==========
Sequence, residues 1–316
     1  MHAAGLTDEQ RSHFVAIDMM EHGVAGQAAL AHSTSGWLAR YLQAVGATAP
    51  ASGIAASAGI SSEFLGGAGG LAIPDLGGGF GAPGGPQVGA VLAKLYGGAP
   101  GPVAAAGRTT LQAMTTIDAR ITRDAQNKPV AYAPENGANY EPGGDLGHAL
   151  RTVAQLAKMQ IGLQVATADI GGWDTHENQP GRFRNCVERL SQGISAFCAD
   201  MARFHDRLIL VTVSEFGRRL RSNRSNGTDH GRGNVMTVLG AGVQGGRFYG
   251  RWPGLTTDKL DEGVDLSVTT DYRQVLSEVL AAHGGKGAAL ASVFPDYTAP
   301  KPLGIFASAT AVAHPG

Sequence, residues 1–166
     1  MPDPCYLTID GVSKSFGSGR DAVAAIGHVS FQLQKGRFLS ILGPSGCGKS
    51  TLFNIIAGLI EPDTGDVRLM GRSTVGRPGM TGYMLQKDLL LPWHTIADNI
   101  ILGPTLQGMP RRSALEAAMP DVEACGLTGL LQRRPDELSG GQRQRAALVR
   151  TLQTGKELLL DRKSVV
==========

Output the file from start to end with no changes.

Sequence, residues 1–316
     1  MHAAGLTDEQ RSHFVAIDMM EHGVAGQAAL AHSTSGWLAR YLQAVGATAP
    51  ASGIAASAGI SSEFLGGAGG LAIPDLGGGF GAPGGPQVGA VLAKLYGGAP
   101  GPVAAAGRTT LQAMTTIDAR ITRDAQNKPV AYAPENGANY EPGGDLGHAL
   151  RTVAQLAKMQ IGLQVATADI GGWDTHENQP GRFRNCVERL SQGISAFCAD
   201  MARFHDRLIL VTVSEFGRRL RSNRSNGTDH GRGNVMTVLG AGVQGGRFYG
   251  RWPGLTTDKL DEGVDLSVTT DYRQVLSEVL AAHGGKGAAL ASVFPDYTAP
   301  KPLGIFASAT AVAHPG

Sequence, residues 1–166
     1  MPDPCYLTID GVSKSFGSGR DAVAAIGHVS FQLQKGRFLS ILGPSGCGKS
    51  TLFNIIAGLI EPDTGDVRLM GRSTVGRPGM TGYMLQKDLL LPWHTIADNI
   101  ILGPTLQGMP RRSALEAAMP DVEACGLTGL LQRRPDELSG GQRQRAALVR
   151  TLQTGKELLL DRKSVV